Key Growth Drivers
Key growth drivers for the business of CRAMS in India are increasing demand for NCEs and INDs, need for speedy and low cost R&D, patenting requirements and manpower developments. While industry is growing there are some major issues and challenges pegging the current companies. Non-availability of skilled manpower, growing global competition, MNCs setting up captive CROs and manufacturing units in the country, manufacturing norms in Indian system of Medicines are worth to be noted. Global MNCs are enhancing the scope of outsourcing their operations in research and manufacturing to their Indian subsidiaries. Companies make use of their local medical departments or subsidiaries for monitoring clinical studies. Aventis, Eli Lilly, Novo Nordisk and Wyeth are using their affiliate medical departments for conducting global clinical studies.
One of the primary challenges is global competition. India is now facing increasing competition also from other Asian countries like China, Russia, Brazil and Taiwan. Big pharma MNCs are setting up their facilities in India. Though, India has enforced patent laws, there is still lingering discomfort among few companies, particularly small biotech’s, with working in India. In case of regulations India has lots of hurdles as a result the situation is delaying inordinately. For clinical research it is required to take due approvals from the Drug Controller General of India (DCGI) at different stages. The entire process is delayed. This has created long backlog and delays. This ultimately creates a lot of uncertainty, which is a regulatory challenge.
Future of CRAMS
Future of CRAMS is very bright because generally big pharma companies due to various reasons, whether it is cost, environment or supply of special skills, they have been moving away from manufacturing and choose to outsource it to India. Hence, in contract manufacturing, especially small molecules, the future continues to be bright and lot of work is coming to India. In bio manufacturing it is still early days because the cost differences is not there. But over a course of time even that will develop. And further in clinical trials, there is potential but then it has not yet been fully realised due to delays and other aspects. The areas that need to have focus are new chemical entity research, biosimilar research, and biosimilar manufacturing. Therefore, these would be few of the areas that we need to continue developing on.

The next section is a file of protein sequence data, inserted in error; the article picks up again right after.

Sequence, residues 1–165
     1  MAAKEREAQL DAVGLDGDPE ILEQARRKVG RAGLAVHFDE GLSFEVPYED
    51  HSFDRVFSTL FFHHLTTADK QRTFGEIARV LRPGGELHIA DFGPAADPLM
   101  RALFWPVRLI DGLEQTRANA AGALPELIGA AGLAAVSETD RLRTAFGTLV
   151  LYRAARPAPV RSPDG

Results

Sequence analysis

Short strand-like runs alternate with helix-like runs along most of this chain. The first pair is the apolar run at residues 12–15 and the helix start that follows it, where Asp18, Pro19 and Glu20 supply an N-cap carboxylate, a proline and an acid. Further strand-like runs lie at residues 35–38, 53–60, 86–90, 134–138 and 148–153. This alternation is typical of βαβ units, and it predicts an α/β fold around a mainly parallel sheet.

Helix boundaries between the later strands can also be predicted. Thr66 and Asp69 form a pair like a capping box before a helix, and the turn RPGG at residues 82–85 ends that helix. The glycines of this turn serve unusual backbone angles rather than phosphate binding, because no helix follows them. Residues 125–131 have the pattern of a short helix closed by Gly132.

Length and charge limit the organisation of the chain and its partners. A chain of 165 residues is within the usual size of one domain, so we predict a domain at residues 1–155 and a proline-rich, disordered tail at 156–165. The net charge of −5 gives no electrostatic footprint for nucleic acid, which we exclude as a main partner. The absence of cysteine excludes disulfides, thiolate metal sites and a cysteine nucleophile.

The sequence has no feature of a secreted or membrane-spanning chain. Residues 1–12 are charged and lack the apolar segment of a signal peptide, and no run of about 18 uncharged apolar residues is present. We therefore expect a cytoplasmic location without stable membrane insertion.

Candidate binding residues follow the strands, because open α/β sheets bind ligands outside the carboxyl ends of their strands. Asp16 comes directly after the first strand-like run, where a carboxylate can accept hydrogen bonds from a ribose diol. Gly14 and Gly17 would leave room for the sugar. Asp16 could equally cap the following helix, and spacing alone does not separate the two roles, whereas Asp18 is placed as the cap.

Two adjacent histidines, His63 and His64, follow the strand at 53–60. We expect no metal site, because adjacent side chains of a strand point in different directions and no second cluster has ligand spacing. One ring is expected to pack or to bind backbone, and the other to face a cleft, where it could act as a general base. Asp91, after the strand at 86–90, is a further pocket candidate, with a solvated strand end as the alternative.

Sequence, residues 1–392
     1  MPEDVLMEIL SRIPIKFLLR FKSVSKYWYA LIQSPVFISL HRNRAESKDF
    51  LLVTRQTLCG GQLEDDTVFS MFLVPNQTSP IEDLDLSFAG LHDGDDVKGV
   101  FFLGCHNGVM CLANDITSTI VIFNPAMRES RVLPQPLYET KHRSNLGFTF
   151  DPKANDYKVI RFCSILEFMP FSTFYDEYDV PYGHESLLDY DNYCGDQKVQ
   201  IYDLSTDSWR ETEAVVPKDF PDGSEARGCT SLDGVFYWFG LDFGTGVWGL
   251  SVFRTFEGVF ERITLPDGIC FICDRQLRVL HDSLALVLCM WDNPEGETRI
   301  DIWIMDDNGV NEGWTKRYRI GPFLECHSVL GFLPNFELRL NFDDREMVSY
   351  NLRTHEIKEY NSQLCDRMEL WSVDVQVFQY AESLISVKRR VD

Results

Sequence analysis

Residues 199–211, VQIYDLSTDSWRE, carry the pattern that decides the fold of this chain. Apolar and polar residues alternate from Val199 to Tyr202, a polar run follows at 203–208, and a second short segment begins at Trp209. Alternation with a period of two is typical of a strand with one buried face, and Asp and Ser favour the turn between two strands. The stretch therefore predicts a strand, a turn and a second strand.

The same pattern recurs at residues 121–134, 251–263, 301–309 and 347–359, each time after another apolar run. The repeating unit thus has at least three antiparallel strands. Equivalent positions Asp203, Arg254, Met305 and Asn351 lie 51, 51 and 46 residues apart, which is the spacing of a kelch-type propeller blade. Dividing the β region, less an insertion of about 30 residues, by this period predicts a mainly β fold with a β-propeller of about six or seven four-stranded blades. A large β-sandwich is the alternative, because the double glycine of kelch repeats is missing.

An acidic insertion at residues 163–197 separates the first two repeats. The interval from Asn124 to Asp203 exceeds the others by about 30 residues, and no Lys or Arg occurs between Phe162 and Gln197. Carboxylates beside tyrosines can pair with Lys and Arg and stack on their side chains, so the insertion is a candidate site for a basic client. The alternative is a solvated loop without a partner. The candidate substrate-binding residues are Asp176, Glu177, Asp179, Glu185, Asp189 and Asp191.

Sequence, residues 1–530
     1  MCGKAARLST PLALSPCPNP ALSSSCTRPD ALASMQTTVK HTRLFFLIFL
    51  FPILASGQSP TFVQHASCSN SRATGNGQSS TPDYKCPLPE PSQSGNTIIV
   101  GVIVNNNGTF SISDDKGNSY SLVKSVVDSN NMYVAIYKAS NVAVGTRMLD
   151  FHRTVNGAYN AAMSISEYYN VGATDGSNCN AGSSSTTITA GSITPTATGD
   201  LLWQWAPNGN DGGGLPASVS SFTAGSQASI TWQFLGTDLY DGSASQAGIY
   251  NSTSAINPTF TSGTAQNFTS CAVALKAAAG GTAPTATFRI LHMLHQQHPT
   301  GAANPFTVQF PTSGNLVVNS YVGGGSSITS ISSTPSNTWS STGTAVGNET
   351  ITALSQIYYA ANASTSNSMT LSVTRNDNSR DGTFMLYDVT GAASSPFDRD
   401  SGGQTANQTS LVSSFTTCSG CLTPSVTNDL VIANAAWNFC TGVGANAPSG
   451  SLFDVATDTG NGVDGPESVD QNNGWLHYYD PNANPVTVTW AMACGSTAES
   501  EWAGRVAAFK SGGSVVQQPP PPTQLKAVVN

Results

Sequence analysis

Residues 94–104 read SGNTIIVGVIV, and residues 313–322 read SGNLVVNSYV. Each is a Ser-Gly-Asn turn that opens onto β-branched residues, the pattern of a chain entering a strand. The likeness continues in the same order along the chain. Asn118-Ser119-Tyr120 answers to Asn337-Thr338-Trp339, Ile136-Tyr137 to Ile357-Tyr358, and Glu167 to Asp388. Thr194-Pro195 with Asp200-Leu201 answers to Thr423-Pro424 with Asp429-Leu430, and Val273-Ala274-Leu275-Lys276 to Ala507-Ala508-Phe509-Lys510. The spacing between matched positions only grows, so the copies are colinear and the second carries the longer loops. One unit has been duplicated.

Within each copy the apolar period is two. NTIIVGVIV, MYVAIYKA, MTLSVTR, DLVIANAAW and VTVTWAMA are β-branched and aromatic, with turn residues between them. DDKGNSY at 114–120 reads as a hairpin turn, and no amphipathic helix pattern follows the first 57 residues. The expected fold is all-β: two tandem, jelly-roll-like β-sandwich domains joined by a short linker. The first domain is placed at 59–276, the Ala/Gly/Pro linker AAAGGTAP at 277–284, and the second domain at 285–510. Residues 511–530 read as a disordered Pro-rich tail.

CRAMS players would like to position themselves as a one stop, full service provider. In this, they position as a Solution CRO as well as Process CRO. The work may be well-defined and easily repeated, making it amenable to a Process CRO, or it may be hypothesis driven, requiring experimentation and suited for a Solution CRO. However, pharma companies are showing interest in this integrated approach instead of multiple CRO organisations for each of their outsourcing needs. A Solution CRO must be used in the candidate nomination and early development timeframe to develop the methods and processes that will become routine. At that point, it is logical that a Process CRO is used to manufacture API and drug product and perform the non-clinical and early clinical evaluation. By this one stop full service provider model, the operational teams will benefit from understanding the different types of business models that will facilitate these interactions.
Making APIs and oral solid formulations (tablets and capsules) will continue to be the major source of revenue for India’s contract manufacturing industry in coming years. India, with its inherent competitive advantages, stands as one of the most preferred outsourcing destinations for a range of activities and is now becoming a critical part of manufacturing and drug development value chain of various global innovator pharma. It is estimated that 50%-60% of the global clinical trials market will be outsourced to developing countries like India by 2015.
Management Trainee at Zydus Cadila Healthcare Ltd.